The venom’s transformation over time is not random, lead author Bryan Fry, of the University of Queensland, says, but a brilliant adaptation to the snake’s preferred diet at different stages in its life. Baby brown snakes eat tiny lizards, while adults prefer meatier—but scrappier—mammalian fare like rodents. They need a venom that knocks out their opponents fast.

"Young brown snakes may produce clinical symptoms like that of a death adder, as they seek out and paralyze sleeping lizards,” Fry said in a statement. "Once older, their venom contains toxins that cause devastating interference with blood clotting, causing rodent prey to become immobilized by stroke.”

Within the adult snakes’ venom lay another surprise. Scientists knew that brown snake venom worked by converting one blood protein into another, but other snakes do that, too, and their venom isn’t as fast-acting. Some other, hidden process, was going on, and Fry and his colleagues found it.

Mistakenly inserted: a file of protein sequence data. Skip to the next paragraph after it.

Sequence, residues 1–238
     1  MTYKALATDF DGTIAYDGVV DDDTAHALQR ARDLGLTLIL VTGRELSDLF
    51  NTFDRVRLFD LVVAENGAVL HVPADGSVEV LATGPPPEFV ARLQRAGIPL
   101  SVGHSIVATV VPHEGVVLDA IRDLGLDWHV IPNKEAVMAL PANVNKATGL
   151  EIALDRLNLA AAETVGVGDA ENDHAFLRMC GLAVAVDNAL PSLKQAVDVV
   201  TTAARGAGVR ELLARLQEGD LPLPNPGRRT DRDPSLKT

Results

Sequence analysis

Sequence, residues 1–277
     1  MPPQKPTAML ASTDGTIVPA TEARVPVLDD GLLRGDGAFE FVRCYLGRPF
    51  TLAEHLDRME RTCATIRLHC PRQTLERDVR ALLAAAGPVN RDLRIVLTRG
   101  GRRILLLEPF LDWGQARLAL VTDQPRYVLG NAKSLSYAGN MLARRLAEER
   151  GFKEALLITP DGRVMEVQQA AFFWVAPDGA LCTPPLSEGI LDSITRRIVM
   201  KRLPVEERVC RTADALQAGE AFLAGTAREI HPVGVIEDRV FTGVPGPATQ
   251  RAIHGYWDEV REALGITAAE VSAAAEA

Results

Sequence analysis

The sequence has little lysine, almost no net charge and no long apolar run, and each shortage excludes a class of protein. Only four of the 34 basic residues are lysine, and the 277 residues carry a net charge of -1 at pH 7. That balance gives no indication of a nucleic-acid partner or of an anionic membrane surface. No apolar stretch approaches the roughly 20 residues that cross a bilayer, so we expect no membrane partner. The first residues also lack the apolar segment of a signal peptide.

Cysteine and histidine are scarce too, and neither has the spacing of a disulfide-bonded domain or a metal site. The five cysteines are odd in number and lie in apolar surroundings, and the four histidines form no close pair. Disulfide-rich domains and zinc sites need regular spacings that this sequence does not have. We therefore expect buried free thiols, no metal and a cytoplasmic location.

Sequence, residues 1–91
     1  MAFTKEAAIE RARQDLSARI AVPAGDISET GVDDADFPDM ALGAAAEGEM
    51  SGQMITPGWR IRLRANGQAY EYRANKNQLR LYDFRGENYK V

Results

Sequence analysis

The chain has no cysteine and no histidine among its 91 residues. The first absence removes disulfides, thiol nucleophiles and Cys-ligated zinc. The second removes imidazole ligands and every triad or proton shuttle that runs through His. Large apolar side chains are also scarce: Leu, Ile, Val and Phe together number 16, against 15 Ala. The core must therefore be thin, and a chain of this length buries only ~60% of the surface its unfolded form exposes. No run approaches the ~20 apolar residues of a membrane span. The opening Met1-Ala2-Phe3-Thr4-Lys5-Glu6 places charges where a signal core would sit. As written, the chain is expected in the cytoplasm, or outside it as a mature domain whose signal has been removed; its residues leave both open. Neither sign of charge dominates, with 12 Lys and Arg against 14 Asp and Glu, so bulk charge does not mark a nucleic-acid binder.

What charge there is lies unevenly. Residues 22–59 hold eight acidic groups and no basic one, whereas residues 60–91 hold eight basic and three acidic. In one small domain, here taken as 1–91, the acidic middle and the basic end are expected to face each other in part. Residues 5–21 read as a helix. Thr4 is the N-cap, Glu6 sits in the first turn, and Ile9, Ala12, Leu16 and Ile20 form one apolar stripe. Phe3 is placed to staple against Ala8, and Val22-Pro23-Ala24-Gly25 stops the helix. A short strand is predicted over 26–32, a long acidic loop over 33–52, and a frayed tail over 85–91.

"Our team discovered brown snakes are potent in activating Factor VII, another blood-clotting enzyme, which is the missing (dark matter) element of brown snake envenomations,” he said. "The feedback loop created by this enzyme would become a venomous vortex and dramatically accelerate the effects upon the blood."

Reminder: It’s not that brown snakes want to be responsible for medically important human envenomations. Like sharks and bears, they’d much rather be left to go about their business. So the best thing for you, and them, is to leave them alone.

Do Dogs Understand What You’re Telling Them? Scientists Are Scanning Their Brains to Find Out

iStock/kozorog
iStock/kozorog